But I get the feeling that this is very much the real-deal. At this first brief-glance it does not appear to be a 100% accurate historic preservation job, but a sympathetic renovation, and I look forward to seeing the completed work, whatever its final use may be, of this great old school building with a river view.

Before I show the rest of the images from this past weekend, here are some “ruin” images of the District Number 1 Public School.

January 29, 2002

March 25, 2006

September 6, 2003

September 6, 2003

And what it looks like today:

August 16, 2014

August 16, 2014

August 16, 2014

August 16, 2014

August 16, 2014

August 16, 2014

I hope this is “to be continued” with some positive results!

Posted in Greene County, Historic Preservation | 6 Comments

A Vestige of Overlook

The Overlook Mountain House is one of the Hudson Valley’s most well-known and most-visited ruins, and was one of the first ruins outside of Westchester County that I trekked to. As with many other ruins whose interiors have vanished and have left behind only masonry walls, the structure’s original appearance is left to the imagination. Several readers have sent me photographs of the Overlook Mountain House, from the mid-late 1900s, so its “completed” appearance is not a mystery (not on the level of the Northgate ruins), but even those post-abandonment images do not tell the full story of the last incarnation of the Overlook. (I might post all of those images to the website in a future entry.) However, a visitor to Overlook Mountain may get a preview of the Overlook hotel, and a picture of what might have been, right in downtown Woodstock, at the Colony Cafe, formerly the Colony Hotel.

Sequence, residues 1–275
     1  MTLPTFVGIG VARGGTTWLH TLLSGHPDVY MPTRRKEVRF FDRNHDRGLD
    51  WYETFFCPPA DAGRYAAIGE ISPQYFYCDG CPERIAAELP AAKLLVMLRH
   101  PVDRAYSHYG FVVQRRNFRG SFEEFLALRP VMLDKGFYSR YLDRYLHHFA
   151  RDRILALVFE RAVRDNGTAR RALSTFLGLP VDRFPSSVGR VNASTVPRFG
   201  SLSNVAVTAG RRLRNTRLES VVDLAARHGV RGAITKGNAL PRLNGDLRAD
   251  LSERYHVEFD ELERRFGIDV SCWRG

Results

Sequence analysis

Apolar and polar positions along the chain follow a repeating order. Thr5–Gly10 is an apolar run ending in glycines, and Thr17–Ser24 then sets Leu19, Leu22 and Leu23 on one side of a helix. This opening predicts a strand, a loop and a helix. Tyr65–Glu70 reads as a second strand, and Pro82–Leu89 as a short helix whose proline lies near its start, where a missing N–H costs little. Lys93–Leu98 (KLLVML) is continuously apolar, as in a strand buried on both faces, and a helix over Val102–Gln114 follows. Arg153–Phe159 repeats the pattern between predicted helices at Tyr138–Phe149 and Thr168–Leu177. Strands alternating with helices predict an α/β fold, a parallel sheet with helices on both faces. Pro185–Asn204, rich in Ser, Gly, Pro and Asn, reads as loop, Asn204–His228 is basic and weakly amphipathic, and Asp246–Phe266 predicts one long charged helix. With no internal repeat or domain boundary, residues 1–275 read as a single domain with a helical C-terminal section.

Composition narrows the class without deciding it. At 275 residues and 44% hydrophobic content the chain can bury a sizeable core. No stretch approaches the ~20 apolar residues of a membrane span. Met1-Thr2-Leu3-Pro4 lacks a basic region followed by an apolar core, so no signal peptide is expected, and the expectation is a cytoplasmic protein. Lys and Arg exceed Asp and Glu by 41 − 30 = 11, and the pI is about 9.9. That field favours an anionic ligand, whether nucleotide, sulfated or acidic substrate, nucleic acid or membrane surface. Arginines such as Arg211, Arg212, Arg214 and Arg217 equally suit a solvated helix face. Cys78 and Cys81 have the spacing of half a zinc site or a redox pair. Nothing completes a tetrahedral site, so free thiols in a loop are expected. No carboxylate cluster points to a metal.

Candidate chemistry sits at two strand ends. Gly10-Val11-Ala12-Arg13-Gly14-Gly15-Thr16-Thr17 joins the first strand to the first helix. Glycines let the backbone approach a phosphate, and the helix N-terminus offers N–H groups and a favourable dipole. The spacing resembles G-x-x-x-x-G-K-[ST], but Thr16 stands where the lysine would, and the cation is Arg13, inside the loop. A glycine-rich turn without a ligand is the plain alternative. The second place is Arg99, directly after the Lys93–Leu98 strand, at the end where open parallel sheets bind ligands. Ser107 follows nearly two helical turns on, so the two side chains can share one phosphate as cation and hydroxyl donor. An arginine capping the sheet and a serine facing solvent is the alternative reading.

Colony Hotel. August 3, 2014.

The current Overlook Mountain House ruin is actually the third incarnation of an Overlook hotel. The second version burned on October 31, 1923, two months after the United Mine Workers published a report that exposed the Overlook Mountain House as the site where two political groups formed the Communist Party of America in 1921. Perhaps a Red Scare led to the wooden hotel’s demise, but the days of large resorts from a previous century were clearly on the wane. The Hotel Kaaterskill, the largest of all the Catskill resort hotels, also burned, less than a year later, in 1924.

At Woodstock, the Overlook’s owner, Morris Newgold, a New York City hotelier, was eager to quickly rebuild. The third version of the Overlook Mountain House was constructed with reinforced concrete, beginning in the 1920s. Its exterior was largely if not entirely complete, but the interior was never finished and the hotel was reported abandoned by the 1940s.